Wednesday, December 07, 2011
Harry Morgan, R.I.P.
From USA Today --
Harry Morgan, best known to television audiences as M*A*S*H's Col. Sherman Potter, was never what you'd call a star. Yet he was almost never out of work — which is as good a sign of his talent and our enduring affection as any.
Morgan, who died Wednesday at 96 in his L.A. home, had a career in TV and film that stretched from 1942 (To the Shores of Tripoli) to 1999 (the sitcom Love & Money). In all that time, there was never anything you'd really call a "Harry Morgan film" or a "Harry Morgan show" — though his breakthrough co-starring role in the popular early '60s December Bride spinoff Pete and Gladys came very close.
But it didn't matter. You knew what you would most often get from a Morgan TV appearance: a wry, honest, sometimes cranky everyman. And you were almost always happy to get it.
His early movie roles — there were more than 100 in all — were more varied, playing good guys and bad guys, and sidekicks to everyone from James Stewart to Henry Fonda (in 1943's The Ox-Bow Incident, one of Morgan's best film roles).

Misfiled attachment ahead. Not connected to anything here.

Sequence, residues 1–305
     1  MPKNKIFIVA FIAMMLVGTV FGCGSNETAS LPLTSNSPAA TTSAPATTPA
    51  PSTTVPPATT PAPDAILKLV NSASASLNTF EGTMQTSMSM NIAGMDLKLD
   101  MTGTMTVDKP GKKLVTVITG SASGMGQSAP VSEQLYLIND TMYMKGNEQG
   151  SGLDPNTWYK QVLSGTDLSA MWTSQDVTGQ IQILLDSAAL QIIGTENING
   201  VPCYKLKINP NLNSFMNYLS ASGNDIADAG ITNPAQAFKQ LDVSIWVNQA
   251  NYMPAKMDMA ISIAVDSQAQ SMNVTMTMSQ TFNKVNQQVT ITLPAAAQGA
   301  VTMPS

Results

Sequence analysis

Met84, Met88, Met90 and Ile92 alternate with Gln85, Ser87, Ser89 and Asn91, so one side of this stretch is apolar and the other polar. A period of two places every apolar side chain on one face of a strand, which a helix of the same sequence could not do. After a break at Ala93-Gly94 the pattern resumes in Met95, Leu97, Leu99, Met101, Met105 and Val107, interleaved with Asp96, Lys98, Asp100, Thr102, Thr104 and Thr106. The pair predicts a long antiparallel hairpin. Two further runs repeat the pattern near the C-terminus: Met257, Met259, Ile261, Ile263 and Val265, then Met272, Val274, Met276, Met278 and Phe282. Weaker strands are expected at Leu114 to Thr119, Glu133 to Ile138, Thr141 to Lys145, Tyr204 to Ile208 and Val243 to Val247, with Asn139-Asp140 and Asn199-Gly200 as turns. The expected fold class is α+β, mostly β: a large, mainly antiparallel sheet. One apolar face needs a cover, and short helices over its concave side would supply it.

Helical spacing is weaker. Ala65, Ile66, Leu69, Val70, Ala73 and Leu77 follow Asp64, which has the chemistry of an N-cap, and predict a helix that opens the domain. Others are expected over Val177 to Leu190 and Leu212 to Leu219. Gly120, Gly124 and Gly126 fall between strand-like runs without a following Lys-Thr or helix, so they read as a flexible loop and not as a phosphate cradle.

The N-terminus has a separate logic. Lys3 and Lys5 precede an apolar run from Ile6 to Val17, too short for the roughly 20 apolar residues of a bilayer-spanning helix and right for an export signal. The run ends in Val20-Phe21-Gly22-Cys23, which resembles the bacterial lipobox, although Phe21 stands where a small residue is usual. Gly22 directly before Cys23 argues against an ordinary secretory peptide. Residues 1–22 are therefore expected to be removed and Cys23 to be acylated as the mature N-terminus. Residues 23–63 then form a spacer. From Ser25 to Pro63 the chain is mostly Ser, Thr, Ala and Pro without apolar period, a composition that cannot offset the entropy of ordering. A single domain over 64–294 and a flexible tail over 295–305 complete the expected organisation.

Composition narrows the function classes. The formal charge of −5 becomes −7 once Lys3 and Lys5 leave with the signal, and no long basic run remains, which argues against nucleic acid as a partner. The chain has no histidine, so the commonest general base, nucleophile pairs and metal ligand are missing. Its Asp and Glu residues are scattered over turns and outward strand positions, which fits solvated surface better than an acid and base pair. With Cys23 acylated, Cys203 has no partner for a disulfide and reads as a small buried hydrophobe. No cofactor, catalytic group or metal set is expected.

But the TV die was cast with Pete, the loving but put-upon husband often exasperated by his scatter-brained wife, Gladys — a character who was much-discussed by Pete but never seen in the original show, December Bride.
That was the Morgan we would come to know and love on the small screen, dryly funny and a bit sarcastic on the outside, but warm and mushy on the inside. You got more dry than warmth in his second big TV role, as Jack Webb's equally staccato partner in the late-'60s revival of Dragnet.
But the whole package shone again in not only his best-known, but probably also his best, TV role. Stepping into M*A*S*H in 1974 for the departed McLean Stevenson, Morgan as Potter created one of TV's most-loved authority figures, a man firmly in charge who held sway by being the smartest (and sometimes only) adult in the room. It would win him an Emmy and a permanent place in TV lore, and it no doubt helped save the show and extend its 11-season run.
Was Harry Morgan a big star? No. But sometimes our fondest memories are reserved for actors who burn a bit less brightly and a bit off from the center — and sometimes, those are the lights that last.